You follow them on Twitter, connect on LinkedIn and add them to your Google+ circles. You monitor the conversations, wait for the perfect chance to jump into the conversation and then offer your best relevant insight. You might get a response, but odds are you’ll only hear crickets.
Expectations for relationship building within social media have become unrealistic. For many, the sheer volume of discussions makes it impossible to respond to everyone. While a few conversations may occur over time, the odds of developing a lasting relationship is challenging. As has been discussed ad naseum, there is indeed a ceiling for how many people you can connect with and how many relationships you can actively maintain. How can you become worthy of more time?
The truth is, there is no replacement for face time. Who you are in social networks is only a small part of who you really are. What you learn from a face to face encounter and discussion is far more valuable than trading 20 tweets or commenting on someone’s Facebook wall. Those moments are fleeting and can be lost in the sea of other conversations over time. It’s not that people aren’t authentic and transparent via social networks, but the serendipidity of moments together in the same room generates a broader image of the people in our social graph.
Social connections only show you a small part of an individual. From that glimpse, we make assumptions of who they are, what they are interested in and what makes them tick.
To illustrate, here is what we see:
Based on that image, we assume this:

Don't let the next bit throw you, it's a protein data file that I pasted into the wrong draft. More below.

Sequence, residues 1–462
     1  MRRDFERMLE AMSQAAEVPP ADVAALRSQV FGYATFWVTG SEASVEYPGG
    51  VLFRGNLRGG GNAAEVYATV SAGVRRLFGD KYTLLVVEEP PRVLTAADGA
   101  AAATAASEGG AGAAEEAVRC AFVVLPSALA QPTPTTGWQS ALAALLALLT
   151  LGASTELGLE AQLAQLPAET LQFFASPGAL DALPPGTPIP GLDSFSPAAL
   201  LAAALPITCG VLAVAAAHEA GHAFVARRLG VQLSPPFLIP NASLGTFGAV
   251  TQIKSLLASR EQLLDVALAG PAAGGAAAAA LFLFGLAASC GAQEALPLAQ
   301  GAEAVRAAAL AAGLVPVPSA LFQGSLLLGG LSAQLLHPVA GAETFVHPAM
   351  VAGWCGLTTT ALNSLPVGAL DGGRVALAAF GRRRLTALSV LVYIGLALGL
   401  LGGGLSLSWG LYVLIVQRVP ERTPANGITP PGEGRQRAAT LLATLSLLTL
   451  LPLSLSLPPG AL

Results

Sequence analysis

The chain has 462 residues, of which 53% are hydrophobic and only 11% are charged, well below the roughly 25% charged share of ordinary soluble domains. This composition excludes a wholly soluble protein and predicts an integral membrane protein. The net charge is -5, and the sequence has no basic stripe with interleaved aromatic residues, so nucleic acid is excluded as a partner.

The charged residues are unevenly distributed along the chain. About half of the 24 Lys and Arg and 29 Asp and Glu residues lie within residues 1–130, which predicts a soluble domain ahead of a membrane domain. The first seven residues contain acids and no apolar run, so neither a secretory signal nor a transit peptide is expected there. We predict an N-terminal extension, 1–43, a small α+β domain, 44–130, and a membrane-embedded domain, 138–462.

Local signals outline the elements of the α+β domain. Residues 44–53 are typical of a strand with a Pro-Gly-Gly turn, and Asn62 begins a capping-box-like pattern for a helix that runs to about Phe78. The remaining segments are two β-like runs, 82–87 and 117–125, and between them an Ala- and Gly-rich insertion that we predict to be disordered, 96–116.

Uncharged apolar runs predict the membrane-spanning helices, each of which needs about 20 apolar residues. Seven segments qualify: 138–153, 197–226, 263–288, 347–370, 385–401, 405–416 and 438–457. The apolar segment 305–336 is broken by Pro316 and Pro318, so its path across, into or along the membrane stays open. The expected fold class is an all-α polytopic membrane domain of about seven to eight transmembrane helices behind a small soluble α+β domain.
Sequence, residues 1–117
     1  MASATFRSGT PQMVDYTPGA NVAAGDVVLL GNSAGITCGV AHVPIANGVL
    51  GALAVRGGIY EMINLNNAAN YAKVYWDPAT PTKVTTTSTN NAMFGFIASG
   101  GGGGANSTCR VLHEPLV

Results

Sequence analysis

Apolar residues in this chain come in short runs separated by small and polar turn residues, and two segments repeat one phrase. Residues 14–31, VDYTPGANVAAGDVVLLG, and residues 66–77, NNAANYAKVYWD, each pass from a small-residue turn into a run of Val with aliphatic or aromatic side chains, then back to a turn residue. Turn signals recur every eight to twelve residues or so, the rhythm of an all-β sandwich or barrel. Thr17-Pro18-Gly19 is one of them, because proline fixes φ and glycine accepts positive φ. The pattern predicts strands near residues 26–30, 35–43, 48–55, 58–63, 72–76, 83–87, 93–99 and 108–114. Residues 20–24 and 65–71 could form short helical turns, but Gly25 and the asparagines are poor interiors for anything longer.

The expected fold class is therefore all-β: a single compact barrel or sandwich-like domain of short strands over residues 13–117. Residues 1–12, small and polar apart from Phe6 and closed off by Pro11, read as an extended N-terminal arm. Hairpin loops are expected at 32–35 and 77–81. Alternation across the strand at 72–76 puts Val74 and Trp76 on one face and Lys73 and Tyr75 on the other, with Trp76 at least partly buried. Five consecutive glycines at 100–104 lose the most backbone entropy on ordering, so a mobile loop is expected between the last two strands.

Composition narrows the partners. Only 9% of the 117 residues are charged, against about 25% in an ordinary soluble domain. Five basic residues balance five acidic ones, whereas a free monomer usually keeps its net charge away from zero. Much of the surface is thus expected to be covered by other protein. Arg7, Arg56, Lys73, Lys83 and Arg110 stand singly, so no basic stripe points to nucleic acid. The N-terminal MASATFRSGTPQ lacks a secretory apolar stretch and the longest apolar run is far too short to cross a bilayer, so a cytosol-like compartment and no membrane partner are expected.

When in reality, it might look more like this:
Anonymity still exists online. Regardless of how transparent we try to be, there is always a side of ourselves we keep private or choose to share only with our closest connections… our relationships. While even the most recognizable names in social media try to embrace their social graph, it’s important to remember that a level of caution always exists. It’s difficult to formulate opinions about someone when you can only read their words. The assumptions we make and the judgements we pass are often founded on very little data.
While I am still drafting my SXSW 2012 lessons learned blog post, the fact that I was able to meet so many people during the festival really opened my eyes to my own misconceptions about who people are and the reputation that proceeds them. When meeting face to face, you have to leave those preconceptions behind. Even 5 minutes at a table in the lobby or at the terminal in the airport can tell you more about someone than following them on Twitter for 5 years.
Make the effort. It’s worth it when you find the happy apples.